FORTUNE -- It's that time of year again: Spring is in the air, Monarch butterflies are traveling north, and Verizon's (VZ) data breach report is making the rounds, freaking out already freaked-out chief information security officers around the globe.
The annual report compiles and analyzes more than 63,000 security incidents (as well as 1,300 confirmed data breaches) from about 50 companies worldwide. This year's 60-page document identified nine main patterns of attack, including point-of-sale intrusions, denial-of-service attacks and acts of cyberespionage. According to Verizon, 94% of all security incidents in 2013 can be traced to these nine basic categories.
(As for the other 6% of threats facing corporate America, well, ignorance is bliss, right?)
Here, our summary of the most pressing security threats for major companies:
Hands down, this is the most common type of data breach. According to Verizon's report, web applications remain the "proverbial punching bag of the Internet." How do the bad guys do it? Phishing techniques, installing malware, and, yes, correctly guessing the name of your first stuffed animal, your oldest cousin's eye color and your nickname in sixth grade. There are ways to better protect Internet-facing applications, Verizon insists, and it starts with two-factor authentication.
Incidents of unauthorized network or system access linked to state-affiliated actors have tripled -- that's right, tripled -- over the last year. Espionage exhibits a wider variety of "threat actions" than any other attack pattern, Verizon says, which means that once intruders gain access, they're making themselves comfortable and partaking in all sorts of activities, from scanning networks to exporting data. Verizon warns that we can't keep blaming China, though -- at least not just China. About 21% of reported incidents are now being instigated from Eastern Europe.
Given the recent high-profile Target (TGT) breach, in which hackers gained access to the credit card numbers of some 40 million customers, this may seem like the attack pattern du jour. But Verizon claims point-of-sale intrusions have actually been trending down over the last several years. "Recent highly publicized breaches of several large retailers have brought POS compromises to the forefront," the report's authors write. "But at the risk of getting all security-hipster on you -- we've been talking about this for years." Still, retailers and hotel companies in particular need to be concerned about this kind of attack. It only takes one massive point-of-sale intrusion to scare away customers and investors -- just ask Target.
Skimming mainly affects ATMs and gas pumps, and is a relatively crude form of attack that requires a skimming device to be physically added to a machine. It's hardly a new tactic, but what's different today is the way that the data from "skimmed" payment cards is collected. Before, a criminal had to retrieve the skimming device; now, a thief can remotely collect the data using Bluetooth or other wireless technologies. More modern ATMs are designed to be relatively tamper-free, but this is still a big problem in some parts of the world, such as Bulgaria and Armenia.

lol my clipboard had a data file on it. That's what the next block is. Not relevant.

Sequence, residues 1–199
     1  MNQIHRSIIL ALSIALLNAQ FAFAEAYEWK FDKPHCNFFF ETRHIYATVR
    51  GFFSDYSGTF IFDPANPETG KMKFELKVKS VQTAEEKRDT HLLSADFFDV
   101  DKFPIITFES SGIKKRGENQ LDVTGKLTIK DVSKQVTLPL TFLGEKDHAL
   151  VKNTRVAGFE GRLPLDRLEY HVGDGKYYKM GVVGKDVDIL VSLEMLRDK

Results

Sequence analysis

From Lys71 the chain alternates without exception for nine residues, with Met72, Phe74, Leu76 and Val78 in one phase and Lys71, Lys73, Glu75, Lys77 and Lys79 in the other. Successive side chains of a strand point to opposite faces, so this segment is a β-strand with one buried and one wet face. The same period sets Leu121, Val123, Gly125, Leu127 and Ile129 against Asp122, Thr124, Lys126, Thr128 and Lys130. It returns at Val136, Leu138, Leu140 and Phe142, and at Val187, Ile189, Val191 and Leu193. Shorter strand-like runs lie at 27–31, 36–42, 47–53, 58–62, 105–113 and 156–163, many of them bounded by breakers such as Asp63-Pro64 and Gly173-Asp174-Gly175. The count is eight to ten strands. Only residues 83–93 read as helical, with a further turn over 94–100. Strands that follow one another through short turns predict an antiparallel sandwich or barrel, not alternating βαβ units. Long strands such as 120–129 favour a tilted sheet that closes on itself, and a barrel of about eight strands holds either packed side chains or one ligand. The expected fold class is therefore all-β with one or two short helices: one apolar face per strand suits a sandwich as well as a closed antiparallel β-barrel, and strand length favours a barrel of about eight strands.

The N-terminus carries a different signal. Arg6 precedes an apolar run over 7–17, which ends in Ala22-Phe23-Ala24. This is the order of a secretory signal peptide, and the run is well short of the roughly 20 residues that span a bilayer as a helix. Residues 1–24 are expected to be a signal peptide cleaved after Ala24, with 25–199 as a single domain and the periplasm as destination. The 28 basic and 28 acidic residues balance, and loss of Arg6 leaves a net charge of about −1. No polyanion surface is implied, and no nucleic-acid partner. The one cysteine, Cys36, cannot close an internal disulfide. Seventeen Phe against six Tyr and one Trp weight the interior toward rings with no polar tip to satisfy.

Not sure what falls under this category? Imagine someone akin to the rebel NSA defense contractor Edward Snowden, or pretty much any unapproved or malicious use of organizational resources. The most common examples of this are employees using forbidden devices (e.g. USB drives) or services to send intellectual property to their personal accounts -- or, more deliberately, posing as another user and sending messages aimed at getting a colleague fired. According to Verizon, many of the people committing these crimes are payment chain personnel and end users, but C-suite managers were more to blame in prior years. Bottom line: Trust no one.
This category includes any malware incident that doesn't fit into the espionage or point-of-sale buckets. The goal is always some kind of illicit activity, such as stealing users' online banking credentials. Most forms of crimeware start with web activity such as downloads or so-called drive-by infections, where a virus can be downloaded when a user unknowingly clicks on a deceptive pop-up window. What can corporations do to combat these types of attacks? Keep software such as browsers up to date.
Oops, I did it again -- as in, I sent an email containing sensitive information to the wrong recipient. That's the most common example of this kind of unintentional data disclosure. Others include accidentally posting non-public information to a company's web server or even snail-mailing documents to the wrong physical address. There's no cure for human error (other than replacing them with computers, of course), but Verizon says corporations can implement data loss prevention software to reduce instances of sensitive files sent by email and tighten processes around posting documents to internal and external websites.
Here's a fun fact: It turns out that corporate assets like phones and laptops are stolen from corporate offices more often than from homes or vehicles. The primary cause of this type of incident? Carelessness. According to the Verizon report: "Accidents happen. People lose stuff. People steal stuff. And that's never going to change." The only thing you can change, advises the company, is to encrypt devices, back up data, and encourage employees to keep their gadgets close.
Last but not least, so-called DDoS threats include any attack aimed at compromising the availability of networks and systems. These are primarily directed at the financial, retail and public sectors. And while the motives behind shutting down corporate, consumer-facing websites remains the same -- extortion, protest, or perverse fun -- the tools at attackers' disposal have become more sophisticated and more thoughtfully named, such as "Brobot" and "itsoknoproblembro."
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